In his speech last week, Obama talked about negative experiences of African-Americans and the historic setting “of racial disparities in the application of our criminal laws.” But he also acknowledged that “African-American young men are disproportionately involved in the criminal justice system … (as) both victims and perpetrators of violence.” And he said the black community is “not naïve in understanding that … somebody like Trayvon Martin was statistically more likely to be shot by a peer than he was by somebody else.”
Obama raised a good question: “How do we learn some lessons from this and move in a positive direction?”
First, he said, “I think it would be productive for the Justice Department, governors, mayors to work with law enforcement about training at the state and local levels in order to reduce the kind of mistrust in the system that sometimes currently exists.”
Second, he said, “I think it would be useful for us to examine some state and local laws to see if … they are designed in such a way that they may encourage the kinds of altercations and confrontations and tragedies that we saw in the Florida case.” He questioned “if we’re sending a message as a society in our communities that someone who is armed potentially has the right to use those firearms even if there’s a way for them to exit from a situation.”
Third, Obama said, “a long-term project,” is the “need to spend some time thinking about how do we bolster and reinforce our African-American boys” who “are getting a lot of negative reinforcement.” He said he could use his convening power to “gather together business leaders and local elected officials and clergy and celebrities and athletes, and figure out how are we doing a better job helping young African-American men feel that they’re a full part of this society and that they’ve got pathways and avenues to succeed.”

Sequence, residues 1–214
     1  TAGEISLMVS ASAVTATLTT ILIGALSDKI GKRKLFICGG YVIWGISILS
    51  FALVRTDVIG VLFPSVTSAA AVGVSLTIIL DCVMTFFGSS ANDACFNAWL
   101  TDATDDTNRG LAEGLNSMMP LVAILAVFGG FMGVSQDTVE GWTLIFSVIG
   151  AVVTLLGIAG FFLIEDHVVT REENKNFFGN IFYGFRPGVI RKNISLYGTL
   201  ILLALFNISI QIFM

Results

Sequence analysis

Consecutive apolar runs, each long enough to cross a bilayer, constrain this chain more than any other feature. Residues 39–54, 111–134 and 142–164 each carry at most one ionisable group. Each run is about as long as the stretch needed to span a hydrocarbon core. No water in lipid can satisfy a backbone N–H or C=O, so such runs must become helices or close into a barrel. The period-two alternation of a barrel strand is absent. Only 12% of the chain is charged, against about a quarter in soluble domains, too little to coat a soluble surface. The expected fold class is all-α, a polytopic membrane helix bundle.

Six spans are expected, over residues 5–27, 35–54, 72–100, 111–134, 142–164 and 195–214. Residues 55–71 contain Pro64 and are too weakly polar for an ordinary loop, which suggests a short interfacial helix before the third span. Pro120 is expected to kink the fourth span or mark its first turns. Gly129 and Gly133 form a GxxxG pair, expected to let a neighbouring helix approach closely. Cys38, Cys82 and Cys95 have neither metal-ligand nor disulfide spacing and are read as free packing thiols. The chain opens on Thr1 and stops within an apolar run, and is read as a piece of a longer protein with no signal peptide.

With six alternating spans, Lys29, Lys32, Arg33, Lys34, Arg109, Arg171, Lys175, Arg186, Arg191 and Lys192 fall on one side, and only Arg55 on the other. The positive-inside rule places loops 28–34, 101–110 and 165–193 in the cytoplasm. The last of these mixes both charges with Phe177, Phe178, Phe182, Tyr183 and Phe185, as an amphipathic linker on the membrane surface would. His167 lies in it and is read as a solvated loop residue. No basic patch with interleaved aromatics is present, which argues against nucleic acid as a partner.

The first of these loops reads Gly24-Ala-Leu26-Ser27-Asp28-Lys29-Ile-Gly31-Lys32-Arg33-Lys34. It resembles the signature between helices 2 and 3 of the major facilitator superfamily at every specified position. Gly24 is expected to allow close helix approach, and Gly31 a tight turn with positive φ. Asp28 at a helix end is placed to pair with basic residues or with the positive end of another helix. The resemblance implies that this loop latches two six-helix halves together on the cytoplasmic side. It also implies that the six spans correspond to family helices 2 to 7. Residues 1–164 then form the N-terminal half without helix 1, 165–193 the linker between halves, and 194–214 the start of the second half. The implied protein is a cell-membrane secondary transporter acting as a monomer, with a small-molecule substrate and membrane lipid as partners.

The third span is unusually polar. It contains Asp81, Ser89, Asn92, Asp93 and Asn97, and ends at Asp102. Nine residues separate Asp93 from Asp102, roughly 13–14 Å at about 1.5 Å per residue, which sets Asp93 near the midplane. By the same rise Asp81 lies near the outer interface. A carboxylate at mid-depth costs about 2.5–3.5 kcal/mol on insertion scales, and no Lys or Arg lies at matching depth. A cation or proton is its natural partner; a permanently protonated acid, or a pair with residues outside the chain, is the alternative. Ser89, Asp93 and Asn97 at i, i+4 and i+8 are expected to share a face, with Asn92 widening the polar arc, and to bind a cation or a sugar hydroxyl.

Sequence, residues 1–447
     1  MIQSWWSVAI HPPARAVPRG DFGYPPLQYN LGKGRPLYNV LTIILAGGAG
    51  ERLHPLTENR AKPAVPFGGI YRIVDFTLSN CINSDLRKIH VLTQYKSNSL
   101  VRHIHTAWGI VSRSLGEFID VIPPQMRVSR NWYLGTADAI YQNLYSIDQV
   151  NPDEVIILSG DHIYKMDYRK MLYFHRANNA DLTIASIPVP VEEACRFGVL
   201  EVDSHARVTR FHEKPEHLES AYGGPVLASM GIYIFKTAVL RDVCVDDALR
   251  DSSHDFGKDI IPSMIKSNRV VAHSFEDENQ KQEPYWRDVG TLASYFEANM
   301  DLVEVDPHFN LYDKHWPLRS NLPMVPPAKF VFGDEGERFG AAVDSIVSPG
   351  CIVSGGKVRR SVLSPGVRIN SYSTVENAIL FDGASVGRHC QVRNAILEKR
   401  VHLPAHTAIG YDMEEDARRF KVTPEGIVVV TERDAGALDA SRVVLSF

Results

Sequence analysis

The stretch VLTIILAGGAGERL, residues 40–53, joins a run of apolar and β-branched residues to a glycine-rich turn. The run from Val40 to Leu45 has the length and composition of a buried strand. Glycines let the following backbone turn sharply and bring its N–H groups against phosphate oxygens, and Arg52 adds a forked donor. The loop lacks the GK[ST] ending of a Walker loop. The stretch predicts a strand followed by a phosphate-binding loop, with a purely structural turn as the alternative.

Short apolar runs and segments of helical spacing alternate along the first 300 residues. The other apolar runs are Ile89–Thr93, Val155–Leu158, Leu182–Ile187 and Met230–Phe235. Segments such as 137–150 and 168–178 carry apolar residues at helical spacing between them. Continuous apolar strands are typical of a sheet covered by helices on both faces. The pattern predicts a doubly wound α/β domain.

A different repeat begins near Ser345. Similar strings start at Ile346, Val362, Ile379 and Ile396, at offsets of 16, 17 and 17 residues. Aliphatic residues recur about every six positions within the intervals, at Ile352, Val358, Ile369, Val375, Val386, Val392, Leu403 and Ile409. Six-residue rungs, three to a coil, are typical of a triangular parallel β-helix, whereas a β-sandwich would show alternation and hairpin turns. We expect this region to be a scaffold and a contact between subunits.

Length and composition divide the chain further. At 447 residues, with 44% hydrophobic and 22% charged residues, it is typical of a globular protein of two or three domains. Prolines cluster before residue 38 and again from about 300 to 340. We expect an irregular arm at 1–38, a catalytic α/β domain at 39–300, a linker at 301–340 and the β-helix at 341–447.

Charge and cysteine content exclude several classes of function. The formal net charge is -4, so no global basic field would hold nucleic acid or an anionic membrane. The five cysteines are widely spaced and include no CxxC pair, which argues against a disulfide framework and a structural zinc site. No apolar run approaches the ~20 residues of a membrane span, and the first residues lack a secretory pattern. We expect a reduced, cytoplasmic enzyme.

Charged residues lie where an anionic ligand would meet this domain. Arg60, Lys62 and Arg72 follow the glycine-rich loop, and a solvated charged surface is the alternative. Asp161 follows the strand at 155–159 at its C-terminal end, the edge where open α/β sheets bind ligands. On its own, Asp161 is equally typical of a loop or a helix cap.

It seems to me that the idea of more training for law enforcement misses the point, but no doubt local police departments could use more federal funds for training. As for the issue of “stand your ground” laws in Florida and 20 other states, the people of those states approved those laws. Let them decide if they want to change them.
To the third point, it would be good if Obama and others concerned about young black men would focus on family-building, education, responsibility development and job creation for this group: 28 percent of black adults ages 16 to 24 are unemployed. And the jobless rate for young black male high school dropouts ages 16-25 is a staggering 51.6 percent, per analysis by remappingdebate.org.
Convening meetings will not fix these problems, Mr. President. There are no “pathways and avenues to succeed” without education, responsibility and a job.